However, governments will not usually get involved in other country’s affairs unless there is an outcry from its citizens who pressure them to take action.
Aid and awareness of the two issues mentioned above were spread throughout the world because of actions that citizens of various states took up with their government.
40% of girls in Uganda are married before their 18th birthday and one in 10 is married before the age of 15.
According to UNICEF, Uganda has the 16th highest prevalence rate of child marriage in the world and the tenth highest absolute number of child brides globally – 787,000.
The issue of human rights violations has been prominent in many societies and states for centuries.
Uganda, in particular, has faced both national and international backlash over their multiple human rights abuses over the years.
In Uganda, child marriage is also driven by: Uganda has committed to eliminate child, early and forced marriage by 2030 in line with target 5.3 of the Sustainable Development Goals.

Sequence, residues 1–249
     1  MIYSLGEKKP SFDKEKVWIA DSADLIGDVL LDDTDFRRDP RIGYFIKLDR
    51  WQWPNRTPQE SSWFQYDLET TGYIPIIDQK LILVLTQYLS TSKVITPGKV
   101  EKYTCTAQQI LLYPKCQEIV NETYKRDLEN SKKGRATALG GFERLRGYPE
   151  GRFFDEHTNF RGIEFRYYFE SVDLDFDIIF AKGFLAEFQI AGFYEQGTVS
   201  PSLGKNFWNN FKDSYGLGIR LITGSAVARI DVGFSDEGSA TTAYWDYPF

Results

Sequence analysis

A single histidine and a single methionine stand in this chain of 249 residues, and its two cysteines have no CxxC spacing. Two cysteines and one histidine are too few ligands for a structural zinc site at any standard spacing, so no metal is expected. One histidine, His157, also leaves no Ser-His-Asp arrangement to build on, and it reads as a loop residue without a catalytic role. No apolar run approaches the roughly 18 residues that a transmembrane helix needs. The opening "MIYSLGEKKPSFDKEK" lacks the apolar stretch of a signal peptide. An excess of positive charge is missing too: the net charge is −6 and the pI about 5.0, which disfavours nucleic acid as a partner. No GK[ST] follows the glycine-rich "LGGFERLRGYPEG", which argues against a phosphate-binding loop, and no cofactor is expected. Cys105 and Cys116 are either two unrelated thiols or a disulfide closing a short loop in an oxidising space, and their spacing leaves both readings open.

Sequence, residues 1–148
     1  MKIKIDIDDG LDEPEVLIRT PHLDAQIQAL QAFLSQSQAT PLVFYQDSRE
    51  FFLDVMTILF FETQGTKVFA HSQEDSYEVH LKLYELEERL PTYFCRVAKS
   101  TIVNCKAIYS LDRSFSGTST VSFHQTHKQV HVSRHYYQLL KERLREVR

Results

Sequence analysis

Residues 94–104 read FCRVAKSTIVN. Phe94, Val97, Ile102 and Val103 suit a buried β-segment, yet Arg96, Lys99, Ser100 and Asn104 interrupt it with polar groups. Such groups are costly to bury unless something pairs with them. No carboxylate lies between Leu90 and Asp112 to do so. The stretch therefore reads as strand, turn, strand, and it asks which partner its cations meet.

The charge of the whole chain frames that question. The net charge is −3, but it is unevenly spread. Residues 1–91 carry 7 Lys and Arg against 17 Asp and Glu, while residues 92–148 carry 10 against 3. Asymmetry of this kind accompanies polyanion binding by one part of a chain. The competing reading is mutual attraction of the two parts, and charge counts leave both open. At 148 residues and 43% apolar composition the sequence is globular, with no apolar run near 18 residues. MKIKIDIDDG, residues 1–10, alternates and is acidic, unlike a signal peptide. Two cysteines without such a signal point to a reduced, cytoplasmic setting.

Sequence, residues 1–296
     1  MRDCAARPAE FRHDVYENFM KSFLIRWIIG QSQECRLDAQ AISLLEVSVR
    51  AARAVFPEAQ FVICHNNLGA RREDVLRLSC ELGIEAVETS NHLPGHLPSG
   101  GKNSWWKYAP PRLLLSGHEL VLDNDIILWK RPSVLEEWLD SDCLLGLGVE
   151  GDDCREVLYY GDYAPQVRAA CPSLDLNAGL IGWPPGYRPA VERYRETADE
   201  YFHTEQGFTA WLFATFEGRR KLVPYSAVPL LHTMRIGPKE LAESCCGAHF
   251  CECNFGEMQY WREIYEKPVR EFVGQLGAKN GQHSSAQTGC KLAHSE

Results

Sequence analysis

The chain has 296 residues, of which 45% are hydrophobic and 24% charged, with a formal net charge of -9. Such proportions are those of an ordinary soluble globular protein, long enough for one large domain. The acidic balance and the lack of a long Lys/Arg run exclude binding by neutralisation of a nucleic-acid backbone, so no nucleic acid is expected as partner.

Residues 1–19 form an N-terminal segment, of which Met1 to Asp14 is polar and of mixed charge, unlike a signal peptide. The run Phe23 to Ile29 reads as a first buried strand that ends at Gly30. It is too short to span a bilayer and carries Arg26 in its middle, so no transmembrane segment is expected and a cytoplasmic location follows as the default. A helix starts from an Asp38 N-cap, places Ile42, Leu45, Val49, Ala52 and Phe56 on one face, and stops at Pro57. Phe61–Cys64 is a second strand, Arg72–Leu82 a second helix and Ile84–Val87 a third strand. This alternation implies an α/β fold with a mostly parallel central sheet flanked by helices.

During its Voluntary National Review at the 2016 High Level Political Forum, the government provided baseline data on the situation for child marriage.
If we can look at the world in a Constructivist view, the sharing of ideas and sharing of happenings in different countries can only help bring issues of human rights abuses to light, and put pressures on a government to take an action that might have not been considered previously.
“When citizens by the hundreds of thousands start demanding that our government do something, suddenly it becomes in the national interest of the United States government to respond to this problem”.